Results matter
Acton Institute Powerblog

Results matter

A Boston-based program operated by clergy and police officers, the Boston Re-Entry, was denied further funding for their ex-convict re-integration program, seemingly and at least in part because they were not forthcoming about their program’s results. The Black Ministerial Alliance is one of the major groups involved in the program.

The Boston Globe reports that “applicants for funds from President Bush’s Prisoner Reentry Initiative were required to demonstrate a record of success in rehabilitating ex-convicts. The proposal from the ministers and police supplied scant information about the results of its program, which has received about $1.1 million in local, state, and federal government funding since 2001.”

Spokesmen for the Black Ministerial Alliance and Boston police officers are decrying the move as undermining the welfare of the city of Boston. But, as the Globe states,

Boston did not lose the new grant altogether. But instead of funding the well-known ministers-police partnership, the Department of Labor awarded the grant of $660,000 to Span Inc., a nonprofit agency that for 29 years has been helping prisoners in the Greater Boston area reenter society.

A Globe review of grant documents, along with interviews with the directors of the ministerial alliance and Span, suggests that Span may have edged out the Black Ministerial Alliance and police because it was better able to demonstrate that its programs work.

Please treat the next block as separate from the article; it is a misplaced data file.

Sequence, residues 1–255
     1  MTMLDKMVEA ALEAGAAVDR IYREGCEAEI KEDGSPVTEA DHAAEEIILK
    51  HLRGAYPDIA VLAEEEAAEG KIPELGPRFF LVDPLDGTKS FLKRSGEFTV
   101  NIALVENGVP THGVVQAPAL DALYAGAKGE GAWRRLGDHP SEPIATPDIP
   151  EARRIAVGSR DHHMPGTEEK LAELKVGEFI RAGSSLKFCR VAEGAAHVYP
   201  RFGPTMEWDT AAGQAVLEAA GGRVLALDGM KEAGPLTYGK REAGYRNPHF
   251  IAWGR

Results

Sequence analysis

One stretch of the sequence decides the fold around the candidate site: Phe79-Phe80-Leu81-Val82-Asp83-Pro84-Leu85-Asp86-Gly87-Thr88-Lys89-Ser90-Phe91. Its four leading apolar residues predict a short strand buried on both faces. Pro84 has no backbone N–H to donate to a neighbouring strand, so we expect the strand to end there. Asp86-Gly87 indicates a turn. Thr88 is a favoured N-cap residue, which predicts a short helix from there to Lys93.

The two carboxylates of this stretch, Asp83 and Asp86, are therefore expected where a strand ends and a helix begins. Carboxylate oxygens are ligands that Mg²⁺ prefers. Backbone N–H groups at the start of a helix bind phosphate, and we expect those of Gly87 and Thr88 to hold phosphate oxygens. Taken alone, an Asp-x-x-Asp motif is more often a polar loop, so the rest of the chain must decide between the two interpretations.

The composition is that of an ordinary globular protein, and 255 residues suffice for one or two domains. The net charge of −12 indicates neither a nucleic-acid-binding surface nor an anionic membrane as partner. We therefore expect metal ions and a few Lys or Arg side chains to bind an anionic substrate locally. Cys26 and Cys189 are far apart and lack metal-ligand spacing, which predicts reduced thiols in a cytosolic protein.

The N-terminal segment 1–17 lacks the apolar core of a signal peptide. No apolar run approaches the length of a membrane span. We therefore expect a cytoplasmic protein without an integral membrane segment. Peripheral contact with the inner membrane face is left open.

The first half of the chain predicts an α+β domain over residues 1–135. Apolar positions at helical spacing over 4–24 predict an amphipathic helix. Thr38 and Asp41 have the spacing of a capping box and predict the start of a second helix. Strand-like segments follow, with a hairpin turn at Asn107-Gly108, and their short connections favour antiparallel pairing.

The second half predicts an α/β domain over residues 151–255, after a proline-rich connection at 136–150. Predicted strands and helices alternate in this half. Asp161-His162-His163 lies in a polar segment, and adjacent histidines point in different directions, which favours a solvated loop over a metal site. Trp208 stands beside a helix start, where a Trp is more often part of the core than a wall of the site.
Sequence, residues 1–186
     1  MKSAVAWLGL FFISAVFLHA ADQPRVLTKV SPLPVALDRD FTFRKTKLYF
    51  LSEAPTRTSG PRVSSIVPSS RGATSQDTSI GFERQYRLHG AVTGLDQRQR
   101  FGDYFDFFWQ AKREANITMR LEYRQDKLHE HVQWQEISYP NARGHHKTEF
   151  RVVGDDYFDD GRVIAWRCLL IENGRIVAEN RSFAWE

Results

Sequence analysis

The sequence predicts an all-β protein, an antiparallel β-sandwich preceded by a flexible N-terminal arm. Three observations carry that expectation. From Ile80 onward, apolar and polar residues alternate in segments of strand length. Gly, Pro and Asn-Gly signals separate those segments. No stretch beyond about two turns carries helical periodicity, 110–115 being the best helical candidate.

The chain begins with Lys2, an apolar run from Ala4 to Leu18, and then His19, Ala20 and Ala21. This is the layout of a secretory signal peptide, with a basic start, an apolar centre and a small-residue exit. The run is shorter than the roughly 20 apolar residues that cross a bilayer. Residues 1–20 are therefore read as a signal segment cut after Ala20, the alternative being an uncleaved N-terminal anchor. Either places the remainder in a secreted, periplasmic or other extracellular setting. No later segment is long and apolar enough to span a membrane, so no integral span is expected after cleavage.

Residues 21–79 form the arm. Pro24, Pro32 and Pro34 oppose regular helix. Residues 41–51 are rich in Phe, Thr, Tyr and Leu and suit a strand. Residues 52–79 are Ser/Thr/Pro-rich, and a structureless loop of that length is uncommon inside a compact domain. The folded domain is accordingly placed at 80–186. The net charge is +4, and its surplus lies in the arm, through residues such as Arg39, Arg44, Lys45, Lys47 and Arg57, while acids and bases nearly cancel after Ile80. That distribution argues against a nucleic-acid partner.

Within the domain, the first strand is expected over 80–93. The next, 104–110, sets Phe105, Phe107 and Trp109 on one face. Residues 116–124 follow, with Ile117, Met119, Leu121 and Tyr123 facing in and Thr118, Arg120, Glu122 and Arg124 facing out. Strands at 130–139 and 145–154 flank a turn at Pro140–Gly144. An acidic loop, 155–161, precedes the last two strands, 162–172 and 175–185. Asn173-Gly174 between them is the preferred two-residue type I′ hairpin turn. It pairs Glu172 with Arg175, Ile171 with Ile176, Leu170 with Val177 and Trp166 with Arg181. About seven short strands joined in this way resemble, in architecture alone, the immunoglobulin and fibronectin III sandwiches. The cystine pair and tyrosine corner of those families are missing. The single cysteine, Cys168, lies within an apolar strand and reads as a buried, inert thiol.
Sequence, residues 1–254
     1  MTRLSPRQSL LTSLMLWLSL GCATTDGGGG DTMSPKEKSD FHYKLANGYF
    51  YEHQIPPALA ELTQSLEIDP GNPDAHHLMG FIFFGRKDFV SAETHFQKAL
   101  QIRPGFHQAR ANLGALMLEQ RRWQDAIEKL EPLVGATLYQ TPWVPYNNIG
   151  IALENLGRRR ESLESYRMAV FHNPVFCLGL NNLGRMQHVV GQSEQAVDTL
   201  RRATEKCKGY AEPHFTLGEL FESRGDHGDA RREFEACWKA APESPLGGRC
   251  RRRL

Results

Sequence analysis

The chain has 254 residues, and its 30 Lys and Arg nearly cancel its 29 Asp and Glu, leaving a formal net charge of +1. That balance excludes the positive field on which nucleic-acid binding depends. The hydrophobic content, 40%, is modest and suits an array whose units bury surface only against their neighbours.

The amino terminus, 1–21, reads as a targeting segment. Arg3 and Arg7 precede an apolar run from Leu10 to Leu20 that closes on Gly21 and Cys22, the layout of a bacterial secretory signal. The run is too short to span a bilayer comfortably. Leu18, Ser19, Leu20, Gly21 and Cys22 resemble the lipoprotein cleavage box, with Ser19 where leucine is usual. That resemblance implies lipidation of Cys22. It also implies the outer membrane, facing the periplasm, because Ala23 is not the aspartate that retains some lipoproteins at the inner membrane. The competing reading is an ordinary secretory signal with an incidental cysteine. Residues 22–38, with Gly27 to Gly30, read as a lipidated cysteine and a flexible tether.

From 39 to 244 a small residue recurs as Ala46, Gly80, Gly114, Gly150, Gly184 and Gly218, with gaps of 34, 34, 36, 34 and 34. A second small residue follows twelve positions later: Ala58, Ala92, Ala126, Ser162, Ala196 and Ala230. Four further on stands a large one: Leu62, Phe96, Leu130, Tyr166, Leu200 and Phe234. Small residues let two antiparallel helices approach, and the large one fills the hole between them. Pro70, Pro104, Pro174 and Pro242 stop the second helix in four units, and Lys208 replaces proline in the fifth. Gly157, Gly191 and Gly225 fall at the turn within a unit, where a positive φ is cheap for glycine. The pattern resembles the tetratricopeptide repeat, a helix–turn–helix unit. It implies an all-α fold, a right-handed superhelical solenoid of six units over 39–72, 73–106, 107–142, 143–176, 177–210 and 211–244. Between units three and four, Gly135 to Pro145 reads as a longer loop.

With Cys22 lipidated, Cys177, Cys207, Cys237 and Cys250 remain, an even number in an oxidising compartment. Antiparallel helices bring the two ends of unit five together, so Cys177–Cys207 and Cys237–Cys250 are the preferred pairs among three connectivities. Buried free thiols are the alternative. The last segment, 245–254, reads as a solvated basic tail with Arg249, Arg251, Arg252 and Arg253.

A key point in making the determination apparently was the demonstration of “measurable outcomes.”

Lyn Levy, the founder and executive director of Span, said the following: “You absolutely have to be able to show outcomes and demonstrate successes or you’re not going to be able to get the money.”

It’s hard to see whether there are any faith-elements in Span’s work, but clearly when governments are facing budget pressures, merely being faith-based isn’t going to be enough. Results matter, too.

For a listing of faith-based non-profits that have an emphasis on participant outcomes and transformation or change a presence of faith elements, visit Acton’s Samaritan Guide.

Jordan J. Ballor

Jordan J. Ballor (Dr. theol., University of Zurich; Ph.D., Calvin Theological Seminary) is director of research at the Center for Religion, Culture & Democracy, an initiative of the First Liberty Institute. He has previously held research positions at the Acton Institute and Vrije Universiteit Amsterdam, and has authored multiple books, including a forthcoming introduction to the public theology of Abraham Kuyper. Working with Lexham Press, he served as a general editor for the 12 volume Abraham Kuyper Collected Works in Public Theology series, and his research can be found in publications including Journal of Markets & Morality, Journal of Religion, Scottish Journal of Theology, Reformation & Renaissance Review, Journal of the History of Economic Thought, Faith & Economics, and Calvin Theological Journal. He is also associate director of the Junius Institute for Digital Reformation Research at Calvin Theological Seminary and the Henry Institute for the Study of Christianity & Politics at Calvin University.